Moments ago, by a 65–31 vote, the Senate acted to repeal Don’t Ask Don’t Tell, the policy banning gays from openly serving in the military. The same six GOP senators who broke with their party during the cloture vote earlier today also voted for repeal: Sens. Susan Collins, Olympia Snowe, Scott Brown, Lisa Murkowski, George Voinovich, and Mark Kirk. Two more Republicans — John Ensign and Richard Burr — joined with Democrats in final passage.
Earlier this week, the House had passed the same legislation by 250–175 vote. More than 14,000 servicemembers have been dismissed because of the DADT policy.
For many Democrats, including President Obama, today’s final passage (and the signing of the bill, which will occur in the near future) marks the fulfillment of a promise that they made repeatedly. In a speech to the Human Rights Campaign in October, Obama said, “I will end Don’t Ask, Don’t Tell. That’s my commitment to you.”
And in perhaps the most memorable moment of the Netroots Nation liberal bloggers conference this past July, Senate Majority Leader Harry Reid (D-NV) was presented with Lt. Dan Choi’s graduation ring from West Point. Choi, a prominent DADT repeal advocate and Arabic-speaking linguist, was discharged from the military after he came out as gay on The Rachel Maddow Show. At the time, Reid said he would return Choi’s ring when DADT repeal is signed. “When we get it passed, you’ll take it back, right?” Reid said to Choi. “I sure will, but I’m going to hold you accountable,” Choi responded. Watch it:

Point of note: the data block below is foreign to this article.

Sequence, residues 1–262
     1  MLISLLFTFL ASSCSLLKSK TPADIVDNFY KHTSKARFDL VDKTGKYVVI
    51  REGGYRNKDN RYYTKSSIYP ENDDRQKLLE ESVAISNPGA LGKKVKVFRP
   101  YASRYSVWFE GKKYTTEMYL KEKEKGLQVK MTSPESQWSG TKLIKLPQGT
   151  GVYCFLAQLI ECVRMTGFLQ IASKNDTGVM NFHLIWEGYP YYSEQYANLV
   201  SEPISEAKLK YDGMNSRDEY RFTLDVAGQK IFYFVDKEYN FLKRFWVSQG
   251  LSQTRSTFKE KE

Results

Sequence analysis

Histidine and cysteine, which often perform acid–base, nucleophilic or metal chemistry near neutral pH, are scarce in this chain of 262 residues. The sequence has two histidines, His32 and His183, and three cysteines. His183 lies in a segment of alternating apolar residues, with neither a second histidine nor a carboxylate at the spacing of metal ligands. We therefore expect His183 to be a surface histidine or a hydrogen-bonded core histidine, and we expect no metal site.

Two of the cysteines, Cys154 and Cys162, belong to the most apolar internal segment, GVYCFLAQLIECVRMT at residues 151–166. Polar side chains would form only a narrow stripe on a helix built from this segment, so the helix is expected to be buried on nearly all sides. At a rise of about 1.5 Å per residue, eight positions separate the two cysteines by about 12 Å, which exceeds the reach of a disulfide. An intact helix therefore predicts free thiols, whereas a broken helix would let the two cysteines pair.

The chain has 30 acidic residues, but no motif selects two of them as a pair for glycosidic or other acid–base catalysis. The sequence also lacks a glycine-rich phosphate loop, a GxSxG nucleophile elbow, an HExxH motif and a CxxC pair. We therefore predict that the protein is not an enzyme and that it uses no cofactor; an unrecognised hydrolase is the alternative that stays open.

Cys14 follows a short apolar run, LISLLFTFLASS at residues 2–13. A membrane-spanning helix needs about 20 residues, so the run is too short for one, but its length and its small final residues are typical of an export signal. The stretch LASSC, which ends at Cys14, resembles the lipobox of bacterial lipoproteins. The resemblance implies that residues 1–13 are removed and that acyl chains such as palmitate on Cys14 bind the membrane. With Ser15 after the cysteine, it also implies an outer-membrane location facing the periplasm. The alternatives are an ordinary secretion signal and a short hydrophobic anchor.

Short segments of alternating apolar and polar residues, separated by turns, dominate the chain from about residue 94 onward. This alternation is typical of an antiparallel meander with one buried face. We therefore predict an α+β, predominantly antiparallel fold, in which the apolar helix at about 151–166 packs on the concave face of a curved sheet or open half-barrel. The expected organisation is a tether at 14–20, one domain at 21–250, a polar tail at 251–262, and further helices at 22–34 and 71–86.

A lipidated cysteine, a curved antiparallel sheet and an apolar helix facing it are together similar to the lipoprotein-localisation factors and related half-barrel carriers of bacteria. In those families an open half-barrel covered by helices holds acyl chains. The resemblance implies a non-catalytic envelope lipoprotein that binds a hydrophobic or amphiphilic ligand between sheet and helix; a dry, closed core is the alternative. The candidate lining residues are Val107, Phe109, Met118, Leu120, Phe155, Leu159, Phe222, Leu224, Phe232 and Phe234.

,In a statement released this evening, Defense Secretary Robert Gates said, “Once this legislation is signed into law by the President, the Department of Defense will immediately proceed with the planning necessary to carry out this change carefully and methodically, but purposefully. … It is therefore important that our men and women in uniform understand that while today’s historic vote means that this policy will change, the implementation and certification process will take an additional period of time. In the meantime, the current law and policy will remain in effect.”